- Bleeding to Death
Hemorrhage causes death by interrupting blood flow to the brain or heart—resulting in oxygen deprivation that damages the ability of surrounding nerve cells to function, which eventually causes cell death.
Blood is critical for maintaining circulation, pH levels, adequate tissue oxygenation, and waste removal in the body. Hemorrhagic shock can cause death despite medical treatment due to heavy blood loss in a very short period of time—more than 30% of total blood volume—due to a combination of factors:
- Coagulopathy (impaired blood clotting leading to excessive and prolonged blood loss)
- Hypothermia (dangerous drop in body temperature)
- Acidosis (high acid levels in the body)
Additionally, severe hemorrhage can trigger catastrophic multiorgan dysfunction by mechanisms that include:
- Hypovolemic shock affecting tissue perfusion
- Redistribution of blood from organs such as the intestines, liver, and kidneys to the brain, heart, and lungs, which causes dysfunctional changes
- Proinflammatory state due to release of tumor necrosis factor alpha and C-reactive protein, which speeds up coagulopathy
What are different types of hemorrhage?
Hemorrhage is defined as loss of blood from a damaged blood vessel. Hemorrhages can be:
- Internal (invisible blood loss): Due to injury to an internal organ
- External (visible blood loss): Due to a cut, wound, or bruise
Different types of hemorrhage include:
- Intracranial hemorrhage: Bleeding inside the brain
- Intracerebral hemorrhage: Bleeding within the brain tissues
- Subarachnoid hemorrhage: Injury to blood vessels of the brain caused by head trauma
- Subconjunctival hemorrhage: Damage to the blood vessels of the eye
- Subdural hematoma: Blood leak into the dura mater (a membrane between the brain and skull)
- Postpartum hemorrhage: Heavy bleeding after childbirth
- Epistaxis: Bleeding from the nostril, nasal cavity or nasopharynx
- Hematoma: Collection of blood outside the blood vessel (bruise)
- Hemothorax: Collection of blood between the chest wall and the lungs
- Petechiae: Tiny, pinpoint red or purple spots on the skin
What are the symptoms of hemorrhage?
Symptoms vary depending on the location and severity of hemorrhage.
In cases of a minor bruise or trauma, there may be light bleeding along with mild pain and discomfort. However, heavy blood loss can lead to:
- Cold and clammy skin
- Shortness of breath
- Nausea and vomiting
- Chest pain
- Numbness or tingling
- Severe headache
- Slurred speech
- Tachycardia (fast heart rate)
- Tachypnea (rapid breathing)
- Multiorgan failure
- Vision changes
What causes hemorrhage?
Normally with an injury, the body initiates a clotting process to stop the bleeding. Clotting requires proteins in the blood and platelets which combine to form a plug and seal the inside of the wound, thus preventing excessive bleeding. However, significant injuries often cannot be stopped by a clot. Certain medical conditions can also interfere with the clotting process.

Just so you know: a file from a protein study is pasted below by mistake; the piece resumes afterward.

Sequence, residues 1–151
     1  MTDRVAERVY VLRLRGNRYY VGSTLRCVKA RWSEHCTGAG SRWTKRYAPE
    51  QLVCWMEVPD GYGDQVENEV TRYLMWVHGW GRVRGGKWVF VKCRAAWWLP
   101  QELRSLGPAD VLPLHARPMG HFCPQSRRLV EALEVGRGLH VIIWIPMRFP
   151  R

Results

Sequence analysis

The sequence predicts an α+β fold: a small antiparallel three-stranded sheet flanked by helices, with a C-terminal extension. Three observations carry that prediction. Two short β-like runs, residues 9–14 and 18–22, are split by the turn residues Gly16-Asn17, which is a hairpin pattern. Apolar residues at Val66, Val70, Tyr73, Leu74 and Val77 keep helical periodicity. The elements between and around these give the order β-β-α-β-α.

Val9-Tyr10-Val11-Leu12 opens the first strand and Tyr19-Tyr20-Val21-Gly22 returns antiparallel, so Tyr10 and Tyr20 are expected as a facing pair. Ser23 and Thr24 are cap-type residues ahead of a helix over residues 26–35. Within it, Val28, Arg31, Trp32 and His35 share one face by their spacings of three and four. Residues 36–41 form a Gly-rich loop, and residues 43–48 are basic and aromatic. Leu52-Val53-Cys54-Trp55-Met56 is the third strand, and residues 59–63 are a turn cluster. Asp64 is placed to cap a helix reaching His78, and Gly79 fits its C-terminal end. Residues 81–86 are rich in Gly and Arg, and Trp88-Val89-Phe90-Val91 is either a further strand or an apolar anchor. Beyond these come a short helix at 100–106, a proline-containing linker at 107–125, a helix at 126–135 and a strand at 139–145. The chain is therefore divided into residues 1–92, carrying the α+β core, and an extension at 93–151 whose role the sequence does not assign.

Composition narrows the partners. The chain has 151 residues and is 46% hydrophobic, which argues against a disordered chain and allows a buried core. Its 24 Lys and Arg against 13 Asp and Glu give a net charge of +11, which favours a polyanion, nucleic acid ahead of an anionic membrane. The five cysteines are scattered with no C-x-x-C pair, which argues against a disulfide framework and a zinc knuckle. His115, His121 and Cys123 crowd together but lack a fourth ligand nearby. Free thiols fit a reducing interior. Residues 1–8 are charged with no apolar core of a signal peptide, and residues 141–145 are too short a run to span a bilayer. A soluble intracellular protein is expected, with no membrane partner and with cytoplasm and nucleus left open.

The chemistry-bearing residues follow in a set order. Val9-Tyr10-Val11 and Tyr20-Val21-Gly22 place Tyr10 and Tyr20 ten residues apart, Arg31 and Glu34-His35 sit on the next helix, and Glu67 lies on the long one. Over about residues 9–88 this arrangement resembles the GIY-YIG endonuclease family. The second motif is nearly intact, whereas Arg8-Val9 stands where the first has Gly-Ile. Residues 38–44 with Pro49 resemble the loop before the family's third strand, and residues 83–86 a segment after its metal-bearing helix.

Potential causes of hemorrhage include:
- Clotting disorders
- Bleeding disorders such as sickle cell anemia
- Inherited diseases such as hemophilia and hereditary hemorrhagic telangiectasia (malformations of blood vessels)
- Severe trauma, falls, or crush injuries
- Liver diseases
- Gastrointestinal diseases such as inflammatory bowel disease, celiac disease, and gastroenteritis
- Brain tumors
- Atherosclerosis (hardening of the arteries)
- Aneurysm (weakening of the blood vessel walls)
- Cerebral amyloid angiopathy (accumulation of amyloid in the arterial walls of the brain)
- Vehicular accidents
- Bone fractures
- Traumatic brain injury
- Ectopic pregnancy (when the fetus develops outside the uterus)
- Physical abuse
- Viral infections such as viral hemorrhagic fever (Ebola and dengue)
- Anticoagulant therapies (blood thinners)
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How is hemorrhage diagnosed?
Diagnosis is made based on:
- Physical examination in which symptoms are evaluated based on the accident or trauma, existing medical conditions, and current medications taken
- Electroencephalogram (EEG) to record the electrical activity of the brain
- Computed tomography scan and magnetic resonance imaging scan to determine the cause, location, and extent of internal hemorrhage
- Urine test
- Blood test
- X-ray chest
How is hemorrhage treated?
Treatment of hemorrhage depends on:
- Location of the hemorrhage
- Severity of the hemorrhage
- Amount of blood loss
- General condition of the patient
External bleeding can be treated with first aid such as:
- Applying pressure on the wound by using hands, a clean cloth, or bandage
- Wrapping a clean, dry cloth on the wound
- Tying a cloth or band (tourniquet) proximal to the wound, toward the heart, to stop the bleeding
Seek immediate medical help if the bleeding doesn't stop or the person has the following signs:
- Cold to the touch
- Dizziness or fainting
- Difficulty breathing
- Spitting or coughing blood
- Severe chest pain
- Unbearable headache
Treatment may consist of:
- Intravenous administration of blood or blood products (fresh frozen plasma or platelets)
- Intravenous electrolytes
- Surgery to repair the damaged blood vessel or to remove the clotted blood
- Medications to promote clotting
What are complications of hemorrhage?
Complications of hemorrhage include:
Can hemorrhage be prevented?
Lifestyle modifications can prevent the recurrence of hemorrhage:
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Hemorrhage. Cleveland Clinic: https://my.clevelandclinic.org/health/symptoms/21654-hemorrhage
Christopher Melinosky. Brain Hemorrhage. WebMD: https://www.webmd.com/brain/brain-hemorrhage-bleeding-causes-symptoms-treatments
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